Ice ball therapy offers breast cancer cure

A technique for destroying breast tumours by freezing them with ice could offer hope of a safe non-surgical cure for the disease, a study suggests.

The technique called cryotherapy is already used to treat prostate cancer and involves inserting several needle-like ‘cryoprobes’ into the tumour and passing super-cold gas through them,” reports dailymail.co.uk.

The ice ball rapidly created around each site kills off the cancerous cells. Freezing therapy has been tried before for breast cancer but this is the first time a minimally invasive version, which requires no surgery, has been developed.

Cancer experts, however, warned it may take many years for the technique to become common.

The “gold standard” treatment for breast cancer is surgery, which offers the best chance of a cure. But removal of breasts, and even surgery to cut out malignant tissue, can have a profound psychological impact on patients.

Chemotherapy and radiotherapy also have serious drawbacks in the form of complications and side effects.

Some women with breast cancer refuse to have surgery or harsh therapies, despite the consequent risks.

That is why there is great interest in the possibility of using freezing therapy as a treatment.

In the latest study, 13 women with breast cancer who received the therapy remained cancer-free up to five years later. Doctors saw no sign of the disease returning and noted no significant complications.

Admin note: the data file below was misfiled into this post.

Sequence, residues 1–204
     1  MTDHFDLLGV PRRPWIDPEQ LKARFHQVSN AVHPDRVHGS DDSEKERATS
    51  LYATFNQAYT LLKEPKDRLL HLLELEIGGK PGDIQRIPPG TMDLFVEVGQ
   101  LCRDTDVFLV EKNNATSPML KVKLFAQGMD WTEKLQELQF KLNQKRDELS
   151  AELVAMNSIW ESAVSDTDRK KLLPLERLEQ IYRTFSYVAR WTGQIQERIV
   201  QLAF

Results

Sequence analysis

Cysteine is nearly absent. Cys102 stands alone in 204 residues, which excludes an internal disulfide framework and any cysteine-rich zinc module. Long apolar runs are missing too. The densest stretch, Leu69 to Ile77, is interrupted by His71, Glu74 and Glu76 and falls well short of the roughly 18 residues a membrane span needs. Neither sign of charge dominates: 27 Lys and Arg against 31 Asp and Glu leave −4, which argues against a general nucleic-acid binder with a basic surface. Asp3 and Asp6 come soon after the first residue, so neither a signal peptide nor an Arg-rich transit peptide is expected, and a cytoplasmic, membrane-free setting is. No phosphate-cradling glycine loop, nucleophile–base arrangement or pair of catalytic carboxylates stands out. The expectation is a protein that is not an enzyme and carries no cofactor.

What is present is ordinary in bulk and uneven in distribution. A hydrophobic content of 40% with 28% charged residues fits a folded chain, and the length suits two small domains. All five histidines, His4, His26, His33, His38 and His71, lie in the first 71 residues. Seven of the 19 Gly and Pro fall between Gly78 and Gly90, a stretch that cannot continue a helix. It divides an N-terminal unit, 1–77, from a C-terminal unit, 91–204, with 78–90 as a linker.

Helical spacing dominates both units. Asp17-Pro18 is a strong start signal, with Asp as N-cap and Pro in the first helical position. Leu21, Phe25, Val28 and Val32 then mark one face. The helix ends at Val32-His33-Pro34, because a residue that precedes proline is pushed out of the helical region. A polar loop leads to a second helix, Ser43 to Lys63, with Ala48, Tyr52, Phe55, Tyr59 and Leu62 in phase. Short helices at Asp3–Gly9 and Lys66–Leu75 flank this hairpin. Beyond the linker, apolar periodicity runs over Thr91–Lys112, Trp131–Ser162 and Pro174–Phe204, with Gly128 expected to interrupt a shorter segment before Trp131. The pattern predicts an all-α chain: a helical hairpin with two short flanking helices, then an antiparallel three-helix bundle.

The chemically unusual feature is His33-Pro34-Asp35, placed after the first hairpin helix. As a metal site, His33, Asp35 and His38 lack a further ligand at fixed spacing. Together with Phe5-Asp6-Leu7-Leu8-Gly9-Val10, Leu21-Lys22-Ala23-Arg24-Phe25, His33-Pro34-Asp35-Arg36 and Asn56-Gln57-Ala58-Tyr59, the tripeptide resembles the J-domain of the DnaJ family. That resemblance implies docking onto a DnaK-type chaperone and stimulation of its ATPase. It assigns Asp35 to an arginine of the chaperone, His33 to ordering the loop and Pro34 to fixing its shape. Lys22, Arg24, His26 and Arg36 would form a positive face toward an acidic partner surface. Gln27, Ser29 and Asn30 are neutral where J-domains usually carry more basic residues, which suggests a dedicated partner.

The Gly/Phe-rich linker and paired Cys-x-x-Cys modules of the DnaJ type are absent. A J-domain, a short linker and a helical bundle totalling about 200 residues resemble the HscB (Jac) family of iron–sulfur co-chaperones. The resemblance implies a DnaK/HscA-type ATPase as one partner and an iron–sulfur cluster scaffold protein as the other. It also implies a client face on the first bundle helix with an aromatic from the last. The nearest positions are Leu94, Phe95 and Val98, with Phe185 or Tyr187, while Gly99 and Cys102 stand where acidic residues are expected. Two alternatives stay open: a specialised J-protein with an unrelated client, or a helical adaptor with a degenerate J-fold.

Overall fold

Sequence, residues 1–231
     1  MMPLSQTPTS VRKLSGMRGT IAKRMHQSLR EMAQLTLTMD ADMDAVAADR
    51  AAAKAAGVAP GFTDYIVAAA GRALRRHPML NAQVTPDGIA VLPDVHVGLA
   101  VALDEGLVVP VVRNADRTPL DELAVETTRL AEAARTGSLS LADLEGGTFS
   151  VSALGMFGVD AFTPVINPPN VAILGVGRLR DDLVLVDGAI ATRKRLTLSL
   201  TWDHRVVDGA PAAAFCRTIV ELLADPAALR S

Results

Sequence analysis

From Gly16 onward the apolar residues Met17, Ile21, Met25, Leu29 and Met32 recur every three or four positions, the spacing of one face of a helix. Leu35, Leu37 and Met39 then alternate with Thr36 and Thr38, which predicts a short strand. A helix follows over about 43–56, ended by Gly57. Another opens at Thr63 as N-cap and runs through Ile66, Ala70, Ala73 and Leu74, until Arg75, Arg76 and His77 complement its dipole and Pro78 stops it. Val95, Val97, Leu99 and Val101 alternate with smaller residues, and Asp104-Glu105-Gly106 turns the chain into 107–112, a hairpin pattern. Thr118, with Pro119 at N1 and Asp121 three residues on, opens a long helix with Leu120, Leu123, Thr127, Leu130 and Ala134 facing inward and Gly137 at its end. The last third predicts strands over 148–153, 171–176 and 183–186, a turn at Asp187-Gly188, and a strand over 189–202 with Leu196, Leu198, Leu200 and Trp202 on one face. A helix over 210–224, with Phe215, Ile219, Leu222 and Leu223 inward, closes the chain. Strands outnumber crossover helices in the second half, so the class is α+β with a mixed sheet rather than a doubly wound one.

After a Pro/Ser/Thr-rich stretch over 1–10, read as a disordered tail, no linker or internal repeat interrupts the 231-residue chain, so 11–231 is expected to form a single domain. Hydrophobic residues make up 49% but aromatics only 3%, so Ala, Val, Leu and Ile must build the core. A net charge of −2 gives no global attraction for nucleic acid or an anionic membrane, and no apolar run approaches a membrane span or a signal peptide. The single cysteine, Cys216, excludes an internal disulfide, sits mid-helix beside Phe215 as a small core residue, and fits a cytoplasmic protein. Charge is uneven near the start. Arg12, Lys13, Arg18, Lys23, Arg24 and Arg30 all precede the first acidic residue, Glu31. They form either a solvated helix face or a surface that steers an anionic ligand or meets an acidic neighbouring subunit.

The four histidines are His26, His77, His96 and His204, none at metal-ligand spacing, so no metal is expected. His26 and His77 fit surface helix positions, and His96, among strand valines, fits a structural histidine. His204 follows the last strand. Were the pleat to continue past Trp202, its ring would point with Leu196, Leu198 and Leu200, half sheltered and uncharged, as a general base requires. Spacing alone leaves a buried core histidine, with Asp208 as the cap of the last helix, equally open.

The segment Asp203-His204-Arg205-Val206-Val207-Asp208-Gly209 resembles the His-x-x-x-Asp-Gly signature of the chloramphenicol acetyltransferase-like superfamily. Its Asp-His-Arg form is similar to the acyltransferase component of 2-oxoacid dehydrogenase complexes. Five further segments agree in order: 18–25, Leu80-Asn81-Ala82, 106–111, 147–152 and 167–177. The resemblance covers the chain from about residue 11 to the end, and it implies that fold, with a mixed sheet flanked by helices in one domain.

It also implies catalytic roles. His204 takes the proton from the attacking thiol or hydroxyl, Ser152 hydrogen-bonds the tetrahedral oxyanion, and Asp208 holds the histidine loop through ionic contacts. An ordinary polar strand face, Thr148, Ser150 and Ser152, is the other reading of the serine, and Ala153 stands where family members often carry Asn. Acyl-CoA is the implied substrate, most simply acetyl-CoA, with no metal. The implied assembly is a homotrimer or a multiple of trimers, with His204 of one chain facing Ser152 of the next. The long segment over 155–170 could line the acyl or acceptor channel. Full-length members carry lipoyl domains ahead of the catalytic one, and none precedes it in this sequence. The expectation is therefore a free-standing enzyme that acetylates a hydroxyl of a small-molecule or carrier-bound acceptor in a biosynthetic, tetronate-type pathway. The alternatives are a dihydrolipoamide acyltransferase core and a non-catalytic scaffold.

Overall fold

Minimally-invasive cryotherapy opens the door for a potential new treatment for breast cancer and needs to be further tested. When used for local control and/or potential cure of breast cancer, it provided safe and effective breast conservation with minimal discomfort for a group of women who refused invasive surgery or had a local recurrence and needed additional management,” said lead researcher Peter Littrup, from the Barbara Ann Karmanos Cancer Institute in Detroit, US.

“This is the first reported study of successfully freezing breast cancer without having to undergo surgery afterward to prove that it was completely treated,” he added.

Freezing therapy for breast cancer is not new, but has been slow to develop. Generally the technique has involved an operation and been applied by surgeons. Only in the last few years have the cryoprobes become small enough to be inserted through a small nick in the skin without the need for surgery. During the procedure the physician is guided by ultrasound or CT (computerised tomography) X-ray scans.

The findings were presented Wednesday at the annual meeting of the Society of Interventional Radiology in Tampa, Florida.

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